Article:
9. Scouse wrote...Squadron Commander Charles Samson, one of the first four pilots, makes the first take-off from the deck of a ship, flying from a platform over the guns of HMS Africa at anchor at Sheerness.
    Scouse, Samson in a Short biplane was launched from a platform of hms Hibernia on may 4th 1912.the first flight from a moving ship. The FAA needs to start some some serious date checking, admittedly the Mayfly was orded by the admirality in 1909 but it never flew, it was so overloaded with naval stuff, mahogany decking, anchors and suchlike that the first day it was handled out of it's shed it was caught by the wind and broke in half. not a sucessfull or proud start to naval aviation, Nelson might have been chuffed with it but not at all practical. The royal flying corps consisted of a military wing and naval wing untill 1914 when they broke apart and the naval wing became the RNAS which is when naval aviation stated. As Samson stated in his book "Flights and Fights" "the RNAS, the best service ever," as he joined the newly formed air force.
  10. Received mail today from Yeovil!!

    A glossy mag all about 2009 and the year of the WAFU, programme of events etc.

    Anyone else get one?
  11. nope!!! can i have a skeg :lol: :lol: :lol:
  12. H.C. :oops: :oops: :oops: i had cut/paste from their poster!! Hope this clears things up??? January 1912, aviation experiments began at Sheerness aboard battleship Africa, during which the first British launch of an airplane from a ship took place. Africa transferred her flying-off equipment, including a runway constructed over her foredeck above her forward 12-inch (305-mm) turret and stretching from her bridge to her bows, to Hibernia in May 1912, and Hibernia hosted further experiments. Among these was the first launch of an airplane from a warship underway; Commander Charles Samson became the first man to take off from a ship which was underway on 2 May 1912[13] in a Shorts S27 biplane from Hibernia while Hibernia steamed at 10.5 knots (19 km/h) at the Royal Fleet Review in Weymouth Bay, England, during which King George V witnessed a number of flights at Portland over a period of four days. Hibernia then transferred her aviation equipment to battleship London.[11]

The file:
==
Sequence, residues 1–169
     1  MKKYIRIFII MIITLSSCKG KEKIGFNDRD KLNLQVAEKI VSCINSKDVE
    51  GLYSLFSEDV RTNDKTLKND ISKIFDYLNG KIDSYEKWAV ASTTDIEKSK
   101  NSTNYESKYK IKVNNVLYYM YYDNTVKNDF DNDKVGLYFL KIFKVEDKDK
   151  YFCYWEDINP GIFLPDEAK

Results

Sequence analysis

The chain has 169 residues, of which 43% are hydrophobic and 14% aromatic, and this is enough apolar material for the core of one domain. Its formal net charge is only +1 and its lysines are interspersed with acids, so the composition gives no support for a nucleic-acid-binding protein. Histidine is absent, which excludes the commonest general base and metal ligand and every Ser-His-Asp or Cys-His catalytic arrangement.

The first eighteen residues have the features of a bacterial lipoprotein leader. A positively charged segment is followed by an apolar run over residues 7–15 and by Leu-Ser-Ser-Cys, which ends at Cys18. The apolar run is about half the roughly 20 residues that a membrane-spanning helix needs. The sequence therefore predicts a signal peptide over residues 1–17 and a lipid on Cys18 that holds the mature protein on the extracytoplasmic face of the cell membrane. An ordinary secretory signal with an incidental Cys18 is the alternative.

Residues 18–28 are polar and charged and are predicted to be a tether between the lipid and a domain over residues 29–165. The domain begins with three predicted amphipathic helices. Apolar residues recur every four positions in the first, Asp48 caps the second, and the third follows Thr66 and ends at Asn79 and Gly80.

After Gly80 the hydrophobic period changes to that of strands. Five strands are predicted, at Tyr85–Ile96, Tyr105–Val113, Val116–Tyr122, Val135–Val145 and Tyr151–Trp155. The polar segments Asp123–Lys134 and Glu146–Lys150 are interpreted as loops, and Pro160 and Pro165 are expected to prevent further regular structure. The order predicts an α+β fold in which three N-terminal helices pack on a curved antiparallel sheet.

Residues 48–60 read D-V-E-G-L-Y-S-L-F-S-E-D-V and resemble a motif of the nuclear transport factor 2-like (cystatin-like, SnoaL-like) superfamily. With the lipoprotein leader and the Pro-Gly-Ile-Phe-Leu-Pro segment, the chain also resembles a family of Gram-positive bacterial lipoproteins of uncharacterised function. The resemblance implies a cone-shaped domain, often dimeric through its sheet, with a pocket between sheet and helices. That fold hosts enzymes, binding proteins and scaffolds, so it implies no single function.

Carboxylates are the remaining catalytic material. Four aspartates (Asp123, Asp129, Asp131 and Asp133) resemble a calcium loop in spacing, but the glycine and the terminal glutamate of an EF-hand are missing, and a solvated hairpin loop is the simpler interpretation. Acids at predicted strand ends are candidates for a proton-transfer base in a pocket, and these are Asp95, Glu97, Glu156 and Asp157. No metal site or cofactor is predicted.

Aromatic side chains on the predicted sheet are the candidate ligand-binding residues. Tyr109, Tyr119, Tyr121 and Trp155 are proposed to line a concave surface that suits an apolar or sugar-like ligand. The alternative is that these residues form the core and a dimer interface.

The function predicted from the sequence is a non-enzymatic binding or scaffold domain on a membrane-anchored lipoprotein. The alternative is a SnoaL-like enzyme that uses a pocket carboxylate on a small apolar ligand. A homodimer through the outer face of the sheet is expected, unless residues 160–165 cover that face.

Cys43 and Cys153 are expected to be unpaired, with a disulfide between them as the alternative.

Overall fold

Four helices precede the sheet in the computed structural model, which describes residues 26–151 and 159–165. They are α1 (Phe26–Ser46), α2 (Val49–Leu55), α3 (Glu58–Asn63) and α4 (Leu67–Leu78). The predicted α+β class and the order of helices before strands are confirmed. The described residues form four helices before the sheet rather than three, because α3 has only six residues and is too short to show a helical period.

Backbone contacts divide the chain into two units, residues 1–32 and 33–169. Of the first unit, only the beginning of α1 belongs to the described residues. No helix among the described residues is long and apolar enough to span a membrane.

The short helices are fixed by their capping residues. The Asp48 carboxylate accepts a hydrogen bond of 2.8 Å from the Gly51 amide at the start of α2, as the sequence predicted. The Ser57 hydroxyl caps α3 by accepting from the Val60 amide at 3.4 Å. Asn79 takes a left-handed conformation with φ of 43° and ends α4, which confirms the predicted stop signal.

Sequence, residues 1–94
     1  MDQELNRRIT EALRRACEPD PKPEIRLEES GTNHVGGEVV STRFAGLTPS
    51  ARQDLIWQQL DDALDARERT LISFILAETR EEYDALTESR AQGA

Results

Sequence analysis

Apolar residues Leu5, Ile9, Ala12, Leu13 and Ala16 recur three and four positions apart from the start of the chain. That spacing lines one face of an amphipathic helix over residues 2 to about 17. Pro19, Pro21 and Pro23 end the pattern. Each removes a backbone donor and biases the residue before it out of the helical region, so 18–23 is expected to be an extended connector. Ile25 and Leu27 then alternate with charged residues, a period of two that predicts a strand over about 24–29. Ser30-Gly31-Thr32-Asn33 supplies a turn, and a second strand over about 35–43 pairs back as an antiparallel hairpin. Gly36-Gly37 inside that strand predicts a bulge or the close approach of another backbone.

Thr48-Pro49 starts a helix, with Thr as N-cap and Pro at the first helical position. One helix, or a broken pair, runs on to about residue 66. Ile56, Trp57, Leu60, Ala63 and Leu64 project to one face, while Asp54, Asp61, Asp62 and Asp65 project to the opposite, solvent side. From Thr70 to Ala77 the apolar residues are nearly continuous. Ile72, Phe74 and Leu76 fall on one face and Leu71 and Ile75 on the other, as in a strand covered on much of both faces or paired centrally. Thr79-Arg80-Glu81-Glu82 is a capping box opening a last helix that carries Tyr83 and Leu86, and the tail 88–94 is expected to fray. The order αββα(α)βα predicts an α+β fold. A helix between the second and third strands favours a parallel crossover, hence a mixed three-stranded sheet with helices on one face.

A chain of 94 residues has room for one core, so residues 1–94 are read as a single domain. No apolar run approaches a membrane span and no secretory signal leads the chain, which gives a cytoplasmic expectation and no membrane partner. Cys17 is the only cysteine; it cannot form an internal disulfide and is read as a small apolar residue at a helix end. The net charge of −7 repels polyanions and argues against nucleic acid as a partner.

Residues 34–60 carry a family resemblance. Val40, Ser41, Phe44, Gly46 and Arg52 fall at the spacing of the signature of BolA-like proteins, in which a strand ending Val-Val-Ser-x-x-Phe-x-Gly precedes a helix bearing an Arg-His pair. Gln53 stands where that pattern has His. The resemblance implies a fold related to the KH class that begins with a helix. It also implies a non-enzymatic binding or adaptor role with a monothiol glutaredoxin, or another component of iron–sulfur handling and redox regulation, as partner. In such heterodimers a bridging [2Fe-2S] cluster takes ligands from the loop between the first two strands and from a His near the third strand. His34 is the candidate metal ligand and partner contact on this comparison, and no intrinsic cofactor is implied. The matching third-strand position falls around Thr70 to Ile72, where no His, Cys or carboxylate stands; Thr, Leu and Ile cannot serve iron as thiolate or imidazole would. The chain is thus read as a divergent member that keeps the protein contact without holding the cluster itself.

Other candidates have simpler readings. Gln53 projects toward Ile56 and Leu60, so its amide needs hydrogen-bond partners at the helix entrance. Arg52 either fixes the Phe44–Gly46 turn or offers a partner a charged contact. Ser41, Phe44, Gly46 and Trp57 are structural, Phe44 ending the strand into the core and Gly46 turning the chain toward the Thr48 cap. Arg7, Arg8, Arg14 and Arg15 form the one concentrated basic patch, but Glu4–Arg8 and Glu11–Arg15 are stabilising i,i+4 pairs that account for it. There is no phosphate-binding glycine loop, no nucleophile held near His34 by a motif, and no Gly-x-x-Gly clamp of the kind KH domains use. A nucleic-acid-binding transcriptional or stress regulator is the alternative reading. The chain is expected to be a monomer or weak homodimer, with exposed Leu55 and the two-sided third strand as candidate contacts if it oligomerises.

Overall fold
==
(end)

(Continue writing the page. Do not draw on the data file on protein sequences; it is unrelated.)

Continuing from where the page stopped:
13. Can't scan it Scouse it's A3 size!!!!

    Even us 'dopes on ropes' get :lol: a mention!!! :lol: :lol: :lol:
  14. HC :wink: At Eastchurch in 1912/13 Acting Commander Samson was L/T Bell Davies C/O. :oops: :oops: At Upavon the C/O was Captain Paine and Major Hugh Trenchard second in command. Calshot and the Isle of Grain. C/O was John Seddon. At Cromarty the C/O was Arthur Longmore. :wink: :wink: That makes quiet a few Marshalls/Air Chief Marshalls of the RAF and Admirals of the RN :salute: :salute:
  15. FAA pilot Vice Admiral Richard Bell Davies VC.CB.DSO.AFC. trained to fly while on leave as a L/T from the battleship Dominion. The course cost him £50 plus £25 deposit against damage :oops: :oops: repayable if he had no prangs :roll: :roll: His first flight was in admiralty aeroplane number 1 a Box kite/Farman type buit by Short :salute: :salute:
  16. FLY navy 100 web pages not working?????? hope they havent crashed :oops: :oops: :roll: :roll: Okay now Chocks away!!
  17. MK1 Buccaneer of 809 (Immortal) Lossiemouth call sign 226 c/o LT/CDR John de Winton :roll: 64 DLPs/IFTU on waist CAT Hms Eagle. http://usera.ImageCave.com/scouse/rnimage(1).jpg